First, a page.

New York's left-handed specialist has been on the disabled list since the start of the season with what was described as a rotator cuff strain, but a contrast MRI performed Wednesday showed the tear.
Feliciano said Thursday he will see noted orthopedist James Andrews on Monday then choose a course of action, which could be surgery. Feliciano also could have a shot in the shoulder and refrain from throwing for 1 1/2 months.
Based on the more invasive MRI, where dye is injected into the shoulder, surgery appears to be the likely route for Feliciano.
"Most likely that opinion will hold up, unfortunately," general manager Brian Cashman said, "because this is not a close call, it appears to be very obvious."
He added: "Capsular tears are very serious. In all likelihood he's looking at a significant surgery."
Surgery would be a big blow for Feliciano, who is a workhorse. He signed a two-year, $8 million free agent contract in the offseason after making 344 relief appearances for the Mets since 2007, a major league record for a four-year stretch. He led the majors in games each of the last three seasons, including a career-high 92 outings in 2010.
"I want to be here. I'm the guy who likes to pitch every day, like I've been doing the last three or four years," Feliciano said. "And now to be shut down for maybe a year — I don't know if I could handle it."
He says he could be ready for next spring training, but Cashman was skeptical.
"The time frame for recovery could be that," Cashman said. "Can he come back and be Pedro Feliciano? I couldn't tell you that."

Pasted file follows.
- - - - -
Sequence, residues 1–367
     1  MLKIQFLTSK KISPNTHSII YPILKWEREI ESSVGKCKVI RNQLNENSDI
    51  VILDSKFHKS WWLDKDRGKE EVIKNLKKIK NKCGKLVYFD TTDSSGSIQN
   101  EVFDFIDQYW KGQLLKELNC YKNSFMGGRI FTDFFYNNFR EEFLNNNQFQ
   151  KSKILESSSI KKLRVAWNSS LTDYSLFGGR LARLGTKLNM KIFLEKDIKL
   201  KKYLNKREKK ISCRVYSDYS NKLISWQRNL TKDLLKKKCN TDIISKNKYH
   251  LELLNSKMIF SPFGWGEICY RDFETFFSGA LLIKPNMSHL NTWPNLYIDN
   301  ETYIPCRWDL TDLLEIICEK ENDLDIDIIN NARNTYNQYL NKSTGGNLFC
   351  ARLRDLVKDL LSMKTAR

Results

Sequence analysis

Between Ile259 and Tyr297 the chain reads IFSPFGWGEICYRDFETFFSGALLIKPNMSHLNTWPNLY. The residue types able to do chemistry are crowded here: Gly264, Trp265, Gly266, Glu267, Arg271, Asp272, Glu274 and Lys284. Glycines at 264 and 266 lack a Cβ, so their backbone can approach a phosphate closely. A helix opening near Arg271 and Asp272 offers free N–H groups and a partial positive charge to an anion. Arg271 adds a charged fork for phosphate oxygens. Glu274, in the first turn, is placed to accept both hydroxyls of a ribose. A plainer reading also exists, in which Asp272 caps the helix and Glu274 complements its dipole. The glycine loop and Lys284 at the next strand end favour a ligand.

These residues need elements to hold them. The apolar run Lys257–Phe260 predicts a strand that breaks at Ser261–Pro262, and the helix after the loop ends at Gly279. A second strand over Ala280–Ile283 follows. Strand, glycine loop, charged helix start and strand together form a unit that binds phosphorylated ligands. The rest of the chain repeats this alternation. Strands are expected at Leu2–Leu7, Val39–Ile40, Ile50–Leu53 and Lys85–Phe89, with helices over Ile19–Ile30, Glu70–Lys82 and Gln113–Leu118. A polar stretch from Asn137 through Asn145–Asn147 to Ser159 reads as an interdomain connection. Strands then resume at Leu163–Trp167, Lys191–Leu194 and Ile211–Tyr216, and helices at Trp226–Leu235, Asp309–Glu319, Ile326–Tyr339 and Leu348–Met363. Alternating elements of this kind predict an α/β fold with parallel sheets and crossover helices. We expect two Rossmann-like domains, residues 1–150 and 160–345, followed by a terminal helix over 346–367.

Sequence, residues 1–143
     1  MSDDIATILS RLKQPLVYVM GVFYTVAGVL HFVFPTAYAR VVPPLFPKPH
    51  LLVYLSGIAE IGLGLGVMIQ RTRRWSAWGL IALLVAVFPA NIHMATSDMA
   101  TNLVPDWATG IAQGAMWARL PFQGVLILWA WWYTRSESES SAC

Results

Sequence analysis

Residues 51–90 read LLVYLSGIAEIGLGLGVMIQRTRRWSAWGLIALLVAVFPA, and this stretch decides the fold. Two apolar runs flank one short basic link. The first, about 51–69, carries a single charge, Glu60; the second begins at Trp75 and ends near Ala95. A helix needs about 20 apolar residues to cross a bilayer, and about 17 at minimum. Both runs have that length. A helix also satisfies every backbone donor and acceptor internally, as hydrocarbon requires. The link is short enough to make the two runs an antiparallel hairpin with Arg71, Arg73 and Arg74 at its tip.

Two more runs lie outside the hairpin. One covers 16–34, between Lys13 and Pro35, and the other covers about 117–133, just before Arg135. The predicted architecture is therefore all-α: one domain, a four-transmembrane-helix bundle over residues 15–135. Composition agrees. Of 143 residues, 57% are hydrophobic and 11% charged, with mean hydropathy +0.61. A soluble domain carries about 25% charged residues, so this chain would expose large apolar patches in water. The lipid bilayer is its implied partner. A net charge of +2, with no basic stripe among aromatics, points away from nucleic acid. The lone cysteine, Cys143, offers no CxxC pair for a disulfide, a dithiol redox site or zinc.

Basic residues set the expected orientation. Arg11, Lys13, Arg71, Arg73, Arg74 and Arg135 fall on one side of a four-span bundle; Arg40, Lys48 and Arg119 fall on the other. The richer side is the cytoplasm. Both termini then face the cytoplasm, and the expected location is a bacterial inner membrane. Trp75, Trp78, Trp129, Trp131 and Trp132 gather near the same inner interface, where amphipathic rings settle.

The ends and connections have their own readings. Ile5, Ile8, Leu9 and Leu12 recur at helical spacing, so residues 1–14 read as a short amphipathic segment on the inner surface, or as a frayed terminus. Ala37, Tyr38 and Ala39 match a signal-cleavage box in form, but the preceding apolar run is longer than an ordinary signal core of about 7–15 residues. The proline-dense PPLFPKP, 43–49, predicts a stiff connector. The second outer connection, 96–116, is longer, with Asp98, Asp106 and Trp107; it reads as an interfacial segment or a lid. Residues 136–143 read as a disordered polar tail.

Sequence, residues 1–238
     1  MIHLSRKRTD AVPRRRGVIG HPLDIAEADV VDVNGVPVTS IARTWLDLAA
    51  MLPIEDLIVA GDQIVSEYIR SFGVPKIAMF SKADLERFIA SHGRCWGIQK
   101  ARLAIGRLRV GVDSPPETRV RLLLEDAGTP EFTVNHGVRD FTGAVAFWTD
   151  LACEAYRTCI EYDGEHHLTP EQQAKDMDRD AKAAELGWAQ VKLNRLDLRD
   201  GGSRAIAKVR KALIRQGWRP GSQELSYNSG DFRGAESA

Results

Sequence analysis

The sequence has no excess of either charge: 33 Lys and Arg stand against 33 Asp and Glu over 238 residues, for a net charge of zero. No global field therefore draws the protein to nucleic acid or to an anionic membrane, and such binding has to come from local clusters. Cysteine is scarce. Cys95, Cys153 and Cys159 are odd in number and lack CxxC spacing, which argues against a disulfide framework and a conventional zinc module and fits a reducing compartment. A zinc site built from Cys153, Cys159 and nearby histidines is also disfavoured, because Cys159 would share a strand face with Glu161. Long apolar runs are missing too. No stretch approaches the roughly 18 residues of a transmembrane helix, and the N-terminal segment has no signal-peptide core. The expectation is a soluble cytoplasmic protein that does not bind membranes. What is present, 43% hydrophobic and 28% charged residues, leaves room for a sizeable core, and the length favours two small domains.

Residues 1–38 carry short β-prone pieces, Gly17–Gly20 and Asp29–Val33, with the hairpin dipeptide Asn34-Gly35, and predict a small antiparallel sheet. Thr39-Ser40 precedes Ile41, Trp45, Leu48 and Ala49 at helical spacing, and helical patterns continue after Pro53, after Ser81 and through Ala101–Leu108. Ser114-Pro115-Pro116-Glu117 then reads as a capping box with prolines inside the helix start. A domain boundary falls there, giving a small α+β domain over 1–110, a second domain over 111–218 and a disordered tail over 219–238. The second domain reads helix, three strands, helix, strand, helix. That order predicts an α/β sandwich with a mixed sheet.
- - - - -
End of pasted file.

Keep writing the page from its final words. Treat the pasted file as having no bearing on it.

Cashman compared Feliciano's situation to that of former Yankees starter Chien-Ming Wang, who is still trying to make a comeback — now with the Washington Nationals — after having had capsule surgery in 2009 while with New York.
Feliciano said he was healthy when he arrived in training camp this year and didn't blame his heavy workload with the Mets for the injury. Cashman said there was no evidence of an injury during a pre-signing physical that included a traditional MRI.
Cashman then defended his comments from earlier April that the Mets "abused" the reliever, but said "I'm not blaming the Mets for what was happening now."
Cashman also took several minutes to use the news conference as a "forum" to defend his record against accusations in the media that he was a hypocrite for attacking the Mets on their usage of Feliciano when former reliever Scott Proctor made 83 appearances for the Yankees in 2006 and again in a season split with New York and the Dodgers in '07.
"If you want to get Joe Torre on the phone you'll know I'm not a hypocrite," Cashman said. "I dealt with our pitching coach, with our manager. We have new people here that utilize people in a certain way. These guys aren't (infinite) assets out there. There's a very limited group of people capable on a consistent basis of performing at the major league level at a high level of success."
To that end, Cashman said it is very unlikely that he will find a lefty to join Boone Logan, the only left-hander in the bullpen. Current manager Joe Girardi was fine with that.
"We believe we have right-handers capable of getting out left-handers," Girardi said.